Interesting facts gleaned from the evening.
1) Punch is delicious. (more of a restatement rather than a discovery)
2) Eben Freeman listens to T.I.
I usually sneak into Tailor right when it opens and run out way before the night really begins for people with real lives, so I'd never really been in the place when there's lots of people in it.
The event was in anticipation of Tales of the Cocktail (coming to a New Orleans near you, June 2009), and to say, "Hey, we're partnered with Saveur now." So it wasn't all bartenders, but a mix of bar folks, brand folks and media types. Don Lee and John Deragon were there, but bailed out early to my indignant cries of "Weeeeeeeeeeak saaaaaaaauuuce." As I squeezed my way to and fro in the crowd I spotted other familiar faces. I was pleased to see that Allen Katz was still sporting his a la souvarov and there was also Tony Conigliaro, whom I hadn't seen since Tales. Even Camper English from the West Coast was in attendance.
I'd brought my friend Marc Almendarez along to take photos for me. Longtime readers may recognize his work from our previous collaboration at a Rhum Clement contest a little while back. The lighting in Tailor is very tricky and I've always had terrible luck taking photographs there and on a more personal level Eben Freeman has been poking fun at my not so stellar photo work. So I decided to prove him wrong...by having a friend take photos for me. Hey, it's a solution of sorts. That place is like expert level, and I am not an expert, so why not borrow the expertise of a friend. And for the record, I am totally capable of taking decent photos. Sometimes.
There were two punches being served for the first part of the evening. The first was Captain Radcliffe's Punch. The recipe comes from a 17th century poem written by and English army captain and as Dave Wondrich called him, a "rake," Alexander Radcliffe. It's made with Ansac VSOP Cognac, Sauternes, freshly grated nutmeg and lemon. The second was the Regent's Punch. Dave explained the punch's origin to the crowd. It was named for George the IV, the 19th century prince regent. While George III was busy being mad, George IV was busy running the country, and this particular punch was his favorite tipple. I don't blame the guy. First, because ruling a country instead of your nutty dad is a tough job that could drive anyone to drink and second, this stuff was delicious.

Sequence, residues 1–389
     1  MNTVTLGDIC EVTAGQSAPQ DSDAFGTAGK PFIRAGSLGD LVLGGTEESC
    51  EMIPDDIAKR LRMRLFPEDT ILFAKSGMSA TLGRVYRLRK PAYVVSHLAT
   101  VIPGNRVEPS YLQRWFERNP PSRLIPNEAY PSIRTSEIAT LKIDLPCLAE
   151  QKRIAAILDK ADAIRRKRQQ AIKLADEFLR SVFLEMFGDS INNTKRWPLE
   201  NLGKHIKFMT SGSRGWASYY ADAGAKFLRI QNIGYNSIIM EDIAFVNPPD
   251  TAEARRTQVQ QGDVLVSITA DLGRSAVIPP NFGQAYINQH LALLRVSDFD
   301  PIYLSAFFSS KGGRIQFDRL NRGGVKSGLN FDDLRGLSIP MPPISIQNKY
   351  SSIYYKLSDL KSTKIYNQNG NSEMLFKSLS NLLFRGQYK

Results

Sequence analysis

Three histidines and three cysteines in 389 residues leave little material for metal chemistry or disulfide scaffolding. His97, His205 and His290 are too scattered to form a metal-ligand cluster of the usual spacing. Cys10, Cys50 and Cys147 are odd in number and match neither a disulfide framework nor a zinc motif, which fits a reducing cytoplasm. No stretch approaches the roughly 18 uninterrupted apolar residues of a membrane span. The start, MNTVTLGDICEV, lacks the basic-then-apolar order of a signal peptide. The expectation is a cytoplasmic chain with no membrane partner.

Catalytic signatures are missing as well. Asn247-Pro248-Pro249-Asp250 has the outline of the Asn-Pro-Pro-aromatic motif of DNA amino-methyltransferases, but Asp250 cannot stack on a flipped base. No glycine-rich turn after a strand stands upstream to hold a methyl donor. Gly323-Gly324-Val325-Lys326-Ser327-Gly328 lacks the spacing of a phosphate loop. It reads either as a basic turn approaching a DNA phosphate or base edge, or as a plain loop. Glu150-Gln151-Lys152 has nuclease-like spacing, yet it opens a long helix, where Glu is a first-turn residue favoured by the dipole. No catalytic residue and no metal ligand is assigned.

The plan for the latter half of the evening was a time for folks to talk to Ann Tuennerman about Tales and what to look forward to. Since this portion of the event was to be sponsored by Hendrick's Gin, a gin drink would be necessary. As people were still dipping into the punchbowls I watched Eben at the other end of the bar vigorously shake a small container. I was curious but went back to busily filling my glass with what punch was left before they swapped out drinks. I chatted a bit with Jordana Rothman from Time Out New York who was telling me how she read my blog. I know, I was surprised too. Apparently, people actually read this thing.
I turned around to the bar again after talking with Jordana to see if there was any more of that punch. Troy, who was working behind the bar with Ashley that evening, pushed a small beaker-type vessel in front of me with liquid that looked kind of like beer.
"What's this?" I asked.
Troy said it was the Pimm's Pony. A drink of Eben's from back in the WD-50 days. It was Pimm's, gin, Sprite and a bit of cucumber foam made by shaking some cucumber juice. Cucumber juice? Well, I don't know if extract is the word. That makes it sound like it's from concentrate or something. Juice works, right? I mean, it's just liquid from cucumber. Cucumber water? Anyhow, I then figured out that that's what I saw Eben shaking a couple of minutes before. I also realized that this was supposed to be the gin drink for the "after" party and I'd unofficially started the after party 10 minutes before everyone else. Not that I'm complaining.
I offered Simon Ford a sip from my scientific chalice as I talked to him about his vacation in South America. He couldn't be at the Beard Off because of the trip, but his beard was able to make an appearance sans him, thanks to modern container technology. Just then Eben passed by and overheard Simon ask what was in the Pimm's Pony and Eben gave the list of ingredients and said that the cucumber foam was there to fool you into think it'd be a smooth, soothing drink, only to have it punch you in the gut.
I joked to our food editor Mr. Bret Thorn and his friend Blain Howard that at some point in my life getting handed strange drinks that a lot of times just sort of magically appear at the ready became part of my job. As if to drive this point home, as soon as I finished what was left in the beaker-glass I was nursing, Ashley set down a full-on wine goblet of more Pimm's Pony in front of me.
"Oh, dear," I thought. I was hoping to make an early escape, but as Tony Abou-Ganim once told me, wasting alcohol is a terrible thing. I tried to soldier on through a couple of sips. I ultimately gave up the fight and walked away. If I continued, I would've risked stumbling into work in a disreputable state the next day because the Pimm's Pony definitely had a healthy kick to it not unlike an irate, er, pony.